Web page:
Ask any of my students and they will tell you that my emphasis behind every section in my Christian Beliefs class is that it is important to know why we believe what we believe (They even see me drink my coffee every day from my Ratio Christi mug pictured above). Whether you realized it or not, you do this daily with every other area of your life. Every decision you make is based on beliefs whether it is sitting in a chair, crossing the road, or anything else. Your belief that it is safe to cross the road is based on good reasons; you looked both ways… at least that is what you are supposed to do! I don’t know anyone who closes their eyes and blindly crosses the road hoping no cars are coming. The blind faith that no cars are coming could have serious consequences. The same goes with closing your eyes and blindly believing a chair is behind you when you sit down. You sit down because you believe the chair, which you saw behind you, will hold you.

The same goes for religious beliefs. A blind faith in religious matters could have serious consequences. There are many people that blindly believe things just because a teacher or parent has told them, or maybe it is the only thing they were told while growing up. This became clear for my students this week when we started our section on creation and evolution. I had my students conduct interviews where they asked people why they believed in creation or evolution. The most common response was that they believed in creation or evolution because it was the only thing taught to them. Others said their belief was based on science, but when asked, they couldn’t explain which scientific discovery they were referring to or the evidence behind it. They had blindly believed whatever their teacher or culture was telling them. Very few students came back to class with interviews where someone gave good reasons for their belief in either creation or evolution. It just isn’t common for people to know why they believe things when it comes to religious matters.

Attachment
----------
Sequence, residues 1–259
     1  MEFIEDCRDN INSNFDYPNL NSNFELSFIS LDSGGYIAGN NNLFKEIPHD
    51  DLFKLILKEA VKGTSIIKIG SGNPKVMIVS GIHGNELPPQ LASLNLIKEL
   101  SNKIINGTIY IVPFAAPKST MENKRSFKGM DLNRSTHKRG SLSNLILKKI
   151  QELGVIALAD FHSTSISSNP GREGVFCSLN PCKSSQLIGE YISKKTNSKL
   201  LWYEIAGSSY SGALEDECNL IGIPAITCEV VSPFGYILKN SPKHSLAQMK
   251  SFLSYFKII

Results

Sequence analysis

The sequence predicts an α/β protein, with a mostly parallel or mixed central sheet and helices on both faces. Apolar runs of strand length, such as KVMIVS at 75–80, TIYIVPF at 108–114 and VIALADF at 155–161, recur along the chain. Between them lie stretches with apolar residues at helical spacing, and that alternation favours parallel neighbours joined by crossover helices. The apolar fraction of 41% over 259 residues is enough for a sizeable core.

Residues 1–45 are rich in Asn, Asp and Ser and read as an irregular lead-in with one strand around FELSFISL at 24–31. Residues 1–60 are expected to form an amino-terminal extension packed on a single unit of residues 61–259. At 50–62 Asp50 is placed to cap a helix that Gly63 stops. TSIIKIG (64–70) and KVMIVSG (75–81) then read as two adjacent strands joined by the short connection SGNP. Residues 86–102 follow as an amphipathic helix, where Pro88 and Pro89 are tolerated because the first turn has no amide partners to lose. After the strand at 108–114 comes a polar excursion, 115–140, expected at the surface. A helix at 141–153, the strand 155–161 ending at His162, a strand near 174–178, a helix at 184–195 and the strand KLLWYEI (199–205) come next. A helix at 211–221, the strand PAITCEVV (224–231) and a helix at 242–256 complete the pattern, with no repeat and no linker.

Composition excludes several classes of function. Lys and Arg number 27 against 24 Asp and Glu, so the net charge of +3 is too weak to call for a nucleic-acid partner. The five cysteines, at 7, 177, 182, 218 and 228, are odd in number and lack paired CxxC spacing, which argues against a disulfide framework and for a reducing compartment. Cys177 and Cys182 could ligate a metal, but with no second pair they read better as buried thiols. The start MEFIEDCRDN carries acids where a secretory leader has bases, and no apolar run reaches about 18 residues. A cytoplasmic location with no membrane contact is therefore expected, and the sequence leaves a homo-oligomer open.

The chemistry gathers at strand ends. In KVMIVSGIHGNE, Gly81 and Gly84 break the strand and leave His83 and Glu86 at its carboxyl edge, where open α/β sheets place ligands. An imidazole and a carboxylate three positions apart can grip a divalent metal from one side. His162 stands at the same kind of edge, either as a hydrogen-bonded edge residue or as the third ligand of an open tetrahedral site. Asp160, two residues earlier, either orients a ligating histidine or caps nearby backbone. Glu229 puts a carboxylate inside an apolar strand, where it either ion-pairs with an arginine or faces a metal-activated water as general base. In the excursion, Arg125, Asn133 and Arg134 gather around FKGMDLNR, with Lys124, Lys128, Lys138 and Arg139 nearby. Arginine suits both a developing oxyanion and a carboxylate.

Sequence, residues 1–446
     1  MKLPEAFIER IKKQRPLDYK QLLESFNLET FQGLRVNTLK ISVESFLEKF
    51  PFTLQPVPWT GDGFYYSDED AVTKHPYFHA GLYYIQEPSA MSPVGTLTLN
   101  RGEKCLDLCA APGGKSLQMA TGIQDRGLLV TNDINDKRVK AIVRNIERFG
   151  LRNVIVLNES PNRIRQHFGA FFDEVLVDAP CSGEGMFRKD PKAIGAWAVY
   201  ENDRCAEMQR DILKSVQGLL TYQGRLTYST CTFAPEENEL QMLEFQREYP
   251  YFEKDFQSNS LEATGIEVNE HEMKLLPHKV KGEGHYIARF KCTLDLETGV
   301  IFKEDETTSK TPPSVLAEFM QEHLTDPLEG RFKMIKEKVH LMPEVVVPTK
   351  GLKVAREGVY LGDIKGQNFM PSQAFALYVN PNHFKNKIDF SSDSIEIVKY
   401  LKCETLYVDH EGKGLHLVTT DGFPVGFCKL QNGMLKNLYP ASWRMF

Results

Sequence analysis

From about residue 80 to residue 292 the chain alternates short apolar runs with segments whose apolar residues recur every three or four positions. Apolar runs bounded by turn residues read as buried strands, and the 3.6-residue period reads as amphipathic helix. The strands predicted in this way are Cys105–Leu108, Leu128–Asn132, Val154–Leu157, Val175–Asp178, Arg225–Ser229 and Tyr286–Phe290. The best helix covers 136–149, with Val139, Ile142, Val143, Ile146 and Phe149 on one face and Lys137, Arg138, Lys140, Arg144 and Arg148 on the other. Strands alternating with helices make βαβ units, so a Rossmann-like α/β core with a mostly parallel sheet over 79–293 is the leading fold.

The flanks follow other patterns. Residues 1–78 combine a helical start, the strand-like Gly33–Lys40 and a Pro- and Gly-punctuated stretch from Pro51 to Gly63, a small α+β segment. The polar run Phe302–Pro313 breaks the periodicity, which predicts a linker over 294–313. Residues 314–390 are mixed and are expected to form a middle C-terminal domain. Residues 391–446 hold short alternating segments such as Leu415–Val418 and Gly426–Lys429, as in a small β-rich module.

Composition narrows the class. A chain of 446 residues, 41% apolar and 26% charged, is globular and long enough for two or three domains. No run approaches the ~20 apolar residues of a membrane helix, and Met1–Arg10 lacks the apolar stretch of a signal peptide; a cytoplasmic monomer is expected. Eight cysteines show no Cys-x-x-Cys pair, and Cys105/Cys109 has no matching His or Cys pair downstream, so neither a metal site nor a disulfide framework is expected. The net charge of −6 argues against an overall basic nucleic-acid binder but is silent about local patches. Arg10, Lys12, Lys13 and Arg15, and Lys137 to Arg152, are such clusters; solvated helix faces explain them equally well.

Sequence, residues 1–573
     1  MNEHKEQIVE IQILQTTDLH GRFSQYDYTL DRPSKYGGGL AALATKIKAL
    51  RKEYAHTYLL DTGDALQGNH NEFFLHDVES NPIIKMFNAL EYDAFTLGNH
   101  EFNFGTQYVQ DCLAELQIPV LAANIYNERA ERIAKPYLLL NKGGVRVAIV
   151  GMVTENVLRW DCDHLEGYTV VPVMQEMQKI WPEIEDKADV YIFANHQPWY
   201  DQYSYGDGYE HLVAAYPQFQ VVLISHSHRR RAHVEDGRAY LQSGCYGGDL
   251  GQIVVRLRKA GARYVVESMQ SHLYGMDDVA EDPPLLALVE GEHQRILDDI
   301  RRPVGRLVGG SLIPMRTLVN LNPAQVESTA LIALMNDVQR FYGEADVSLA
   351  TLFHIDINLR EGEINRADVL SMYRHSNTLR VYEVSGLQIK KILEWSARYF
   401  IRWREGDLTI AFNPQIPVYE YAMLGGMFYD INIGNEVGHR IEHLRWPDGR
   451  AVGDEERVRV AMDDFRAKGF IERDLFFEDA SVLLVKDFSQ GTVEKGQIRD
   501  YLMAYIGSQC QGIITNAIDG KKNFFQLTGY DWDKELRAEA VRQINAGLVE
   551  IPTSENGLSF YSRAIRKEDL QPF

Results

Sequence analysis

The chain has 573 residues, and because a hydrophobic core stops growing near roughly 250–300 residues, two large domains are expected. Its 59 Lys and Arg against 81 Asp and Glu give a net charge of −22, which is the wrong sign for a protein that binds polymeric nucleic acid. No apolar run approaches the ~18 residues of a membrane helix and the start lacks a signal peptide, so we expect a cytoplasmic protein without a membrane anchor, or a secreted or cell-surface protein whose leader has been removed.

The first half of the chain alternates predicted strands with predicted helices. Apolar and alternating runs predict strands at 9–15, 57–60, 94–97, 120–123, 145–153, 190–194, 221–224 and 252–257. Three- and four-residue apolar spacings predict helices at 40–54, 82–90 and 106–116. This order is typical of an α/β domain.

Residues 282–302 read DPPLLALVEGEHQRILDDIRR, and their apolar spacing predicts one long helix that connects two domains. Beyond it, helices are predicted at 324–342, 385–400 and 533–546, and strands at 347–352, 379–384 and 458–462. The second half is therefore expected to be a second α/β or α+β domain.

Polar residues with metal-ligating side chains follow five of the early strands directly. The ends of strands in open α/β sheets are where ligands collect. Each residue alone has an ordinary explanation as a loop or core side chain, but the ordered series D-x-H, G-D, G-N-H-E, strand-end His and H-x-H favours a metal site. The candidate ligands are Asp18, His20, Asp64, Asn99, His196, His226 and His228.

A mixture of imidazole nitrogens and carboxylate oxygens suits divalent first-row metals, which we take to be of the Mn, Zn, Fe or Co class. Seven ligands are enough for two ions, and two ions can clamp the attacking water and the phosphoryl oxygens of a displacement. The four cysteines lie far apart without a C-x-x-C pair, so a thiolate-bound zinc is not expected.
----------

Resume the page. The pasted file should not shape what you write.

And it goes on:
Now it is not my purpose to get students to question everything that someone tells them, but they should be looking to see if the person gives good reasons to believe what they are saying. If there are no reasons given for a belief, then we should question it. Ask the person, “How did you come to that conclusion?” I feel like it is my job, and any teacher’s job, to not only explain beliefs but to tell students why we believe those things. It is then that they are able to make a reasonable decision.

Just like there could be serious consequences for blindly believing that there are no cars coming down the road, having blind faith could lead to eternal separation from God. If God does exist, belief in Him will eternally affect our lives. Just like we look both ways before crossing the road, we need make sure good reasons are given before making a decision that affects our eternal destiny. Don’t have blind faith. Know why you believe.

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